While orchestration seems to be on the rise in a number of international organizations, the WTO is today largely absent when it comes to applying orchestration tools. This was not always the case. In this chapter I analyze the low (but varying) degrees of orchestration across WTO activities and over time. After discussing the use of orchestration techniques in several areas of WTO activities, the chapter focuses on the negotiation function. I discuss three variables (goal divergence, state oversight and entrepreneurship) and put forward an explanation as to how these interact to account for the degree of orchestration observed. I argue that goal divergence is the most important explanatory variable, as it causally affects state oversight and entrepreneurship. In the empirical section, the chapter discusses evidence drawn from orchestration processes during the Uruguay Round negotiations in relation to endorsing international norm-setting organizations (e.g., Codex Alimentarius Commission and International Organization for Standardization). It further shows how “endorsement” attempts have evolved with respect to these organizations over time. Finally, I discuss a more recent case, the so-called Friends of Fish initiative, to illustrate how goal divergence leads to greater oversight and therefore less entrepreneurship.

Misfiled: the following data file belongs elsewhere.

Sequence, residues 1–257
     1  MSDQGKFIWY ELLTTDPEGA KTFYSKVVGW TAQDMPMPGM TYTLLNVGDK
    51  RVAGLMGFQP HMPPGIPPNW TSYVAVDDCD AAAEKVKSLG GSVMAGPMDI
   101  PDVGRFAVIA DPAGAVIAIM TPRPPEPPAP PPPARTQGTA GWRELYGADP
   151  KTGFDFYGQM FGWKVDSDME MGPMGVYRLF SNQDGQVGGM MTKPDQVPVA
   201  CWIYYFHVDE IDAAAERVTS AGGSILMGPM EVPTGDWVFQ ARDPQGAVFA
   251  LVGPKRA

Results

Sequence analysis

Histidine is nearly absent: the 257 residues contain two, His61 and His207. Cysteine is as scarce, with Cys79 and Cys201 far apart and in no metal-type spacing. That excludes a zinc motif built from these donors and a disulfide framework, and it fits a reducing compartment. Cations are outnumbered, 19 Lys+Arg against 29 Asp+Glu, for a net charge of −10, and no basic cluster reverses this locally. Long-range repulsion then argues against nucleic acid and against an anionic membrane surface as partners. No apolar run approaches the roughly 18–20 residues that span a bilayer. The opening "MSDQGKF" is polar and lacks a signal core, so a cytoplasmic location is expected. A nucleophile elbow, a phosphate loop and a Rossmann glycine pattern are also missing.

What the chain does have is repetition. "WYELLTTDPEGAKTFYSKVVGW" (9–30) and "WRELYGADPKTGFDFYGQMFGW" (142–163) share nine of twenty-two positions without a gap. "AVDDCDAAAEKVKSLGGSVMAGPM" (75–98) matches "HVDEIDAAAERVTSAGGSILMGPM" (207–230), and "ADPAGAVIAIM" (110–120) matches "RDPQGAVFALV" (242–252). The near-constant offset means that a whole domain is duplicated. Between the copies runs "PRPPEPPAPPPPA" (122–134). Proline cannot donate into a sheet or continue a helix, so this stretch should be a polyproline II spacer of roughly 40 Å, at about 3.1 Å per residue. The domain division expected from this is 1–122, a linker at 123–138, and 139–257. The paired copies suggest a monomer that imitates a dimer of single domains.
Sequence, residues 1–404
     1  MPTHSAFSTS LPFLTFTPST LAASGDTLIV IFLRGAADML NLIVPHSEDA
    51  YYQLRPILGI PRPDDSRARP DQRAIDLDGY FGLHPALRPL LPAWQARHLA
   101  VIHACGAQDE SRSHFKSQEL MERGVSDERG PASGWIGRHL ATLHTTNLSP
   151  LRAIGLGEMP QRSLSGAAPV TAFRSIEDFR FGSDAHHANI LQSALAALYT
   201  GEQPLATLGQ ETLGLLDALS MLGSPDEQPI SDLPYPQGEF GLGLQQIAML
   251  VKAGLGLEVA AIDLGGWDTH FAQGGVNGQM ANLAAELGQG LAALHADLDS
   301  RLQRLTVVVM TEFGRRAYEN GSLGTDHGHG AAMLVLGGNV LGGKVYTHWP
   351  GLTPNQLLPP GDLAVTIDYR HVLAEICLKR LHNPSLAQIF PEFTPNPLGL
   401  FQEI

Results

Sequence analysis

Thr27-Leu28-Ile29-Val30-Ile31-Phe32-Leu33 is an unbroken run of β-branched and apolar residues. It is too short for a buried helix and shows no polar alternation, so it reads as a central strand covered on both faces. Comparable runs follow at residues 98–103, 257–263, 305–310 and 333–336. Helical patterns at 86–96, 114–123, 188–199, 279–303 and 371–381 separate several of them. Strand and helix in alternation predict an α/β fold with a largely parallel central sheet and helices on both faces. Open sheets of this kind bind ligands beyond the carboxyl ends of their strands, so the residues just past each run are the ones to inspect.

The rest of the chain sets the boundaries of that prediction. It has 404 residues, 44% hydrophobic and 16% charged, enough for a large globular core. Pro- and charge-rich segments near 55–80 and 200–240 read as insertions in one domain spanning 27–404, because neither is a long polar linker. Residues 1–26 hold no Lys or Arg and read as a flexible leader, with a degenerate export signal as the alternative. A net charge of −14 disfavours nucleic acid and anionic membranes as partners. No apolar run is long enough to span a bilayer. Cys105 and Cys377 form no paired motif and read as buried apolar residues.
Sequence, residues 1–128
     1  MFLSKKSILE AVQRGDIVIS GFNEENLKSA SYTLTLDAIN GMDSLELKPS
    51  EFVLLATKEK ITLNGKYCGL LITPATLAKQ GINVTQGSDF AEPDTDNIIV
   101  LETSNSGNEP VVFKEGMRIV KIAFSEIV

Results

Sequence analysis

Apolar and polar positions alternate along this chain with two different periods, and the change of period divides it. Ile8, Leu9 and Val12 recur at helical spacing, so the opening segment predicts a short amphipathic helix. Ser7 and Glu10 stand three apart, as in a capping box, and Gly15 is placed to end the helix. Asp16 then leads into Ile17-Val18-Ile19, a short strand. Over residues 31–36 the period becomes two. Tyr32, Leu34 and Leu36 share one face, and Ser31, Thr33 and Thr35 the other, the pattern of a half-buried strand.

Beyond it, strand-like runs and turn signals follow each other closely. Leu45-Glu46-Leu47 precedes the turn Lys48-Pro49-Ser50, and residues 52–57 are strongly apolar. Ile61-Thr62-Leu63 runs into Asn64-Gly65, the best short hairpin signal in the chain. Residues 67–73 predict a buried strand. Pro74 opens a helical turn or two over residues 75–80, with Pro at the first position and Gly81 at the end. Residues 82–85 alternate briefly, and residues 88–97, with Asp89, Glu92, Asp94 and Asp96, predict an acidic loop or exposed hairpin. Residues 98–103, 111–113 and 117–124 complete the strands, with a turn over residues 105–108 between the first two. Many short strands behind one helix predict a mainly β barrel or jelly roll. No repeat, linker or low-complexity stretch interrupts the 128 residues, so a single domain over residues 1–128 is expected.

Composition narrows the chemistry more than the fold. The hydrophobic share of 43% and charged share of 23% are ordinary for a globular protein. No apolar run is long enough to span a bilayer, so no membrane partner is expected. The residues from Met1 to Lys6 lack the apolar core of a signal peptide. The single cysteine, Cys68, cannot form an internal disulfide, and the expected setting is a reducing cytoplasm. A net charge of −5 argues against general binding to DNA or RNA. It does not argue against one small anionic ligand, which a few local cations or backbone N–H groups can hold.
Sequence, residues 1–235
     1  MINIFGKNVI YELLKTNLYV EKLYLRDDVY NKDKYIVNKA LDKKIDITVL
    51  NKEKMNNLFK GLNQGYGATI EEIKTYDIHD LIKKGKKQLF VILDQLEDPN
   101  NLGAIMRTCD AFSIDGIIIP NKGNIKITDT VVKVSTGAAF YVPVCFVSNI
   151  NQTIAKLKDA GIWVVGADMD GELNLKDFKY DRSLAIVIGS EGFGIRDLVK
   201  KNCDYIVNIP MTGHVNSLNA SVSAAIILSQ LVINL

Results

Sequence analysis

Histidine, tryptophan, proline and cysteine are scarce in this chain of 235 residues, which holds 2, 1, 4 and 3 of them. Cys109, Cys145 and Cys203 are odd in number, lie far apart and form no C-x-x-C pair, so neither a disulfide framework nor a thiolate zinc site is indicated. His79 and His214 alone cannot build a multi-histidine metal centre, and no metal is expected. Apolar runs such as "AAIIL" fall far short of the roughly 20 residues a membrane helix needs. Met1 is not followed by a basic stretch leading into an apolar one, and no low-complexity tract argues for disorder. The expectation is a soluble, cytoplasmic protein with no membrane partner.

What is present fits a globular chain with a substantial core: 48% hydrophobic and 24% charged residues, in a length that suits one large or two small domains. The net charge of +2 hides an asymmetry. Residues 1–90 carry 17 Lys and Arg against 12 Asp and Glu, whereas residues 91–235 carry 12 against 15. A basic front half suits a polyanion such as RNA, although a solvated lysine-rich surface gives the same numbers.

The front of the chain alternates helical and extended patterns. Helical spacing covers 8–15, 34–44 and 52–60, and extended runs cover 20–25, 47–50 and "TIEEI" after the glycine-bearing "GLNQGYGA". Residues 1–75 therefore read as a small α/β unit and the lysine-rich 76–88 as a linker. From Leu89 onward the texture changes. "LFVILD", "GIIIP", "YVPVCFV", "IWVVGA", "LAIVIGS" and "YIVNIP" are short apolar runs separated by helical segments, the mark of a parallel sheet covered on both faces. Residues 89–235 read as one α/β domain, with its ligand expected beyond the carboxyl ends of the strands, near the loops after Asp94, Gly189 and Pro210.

While orchestration is on the rise with respect to a number of international organizations, the WTO makes little use of orchestration tools. This chapter aims to contribute to a better understanding of the obstacles to orchestration and the conditions under which orchestration may emerge in the WTO (and in similar intergovernmental organizations that are reluctant to orchestrate).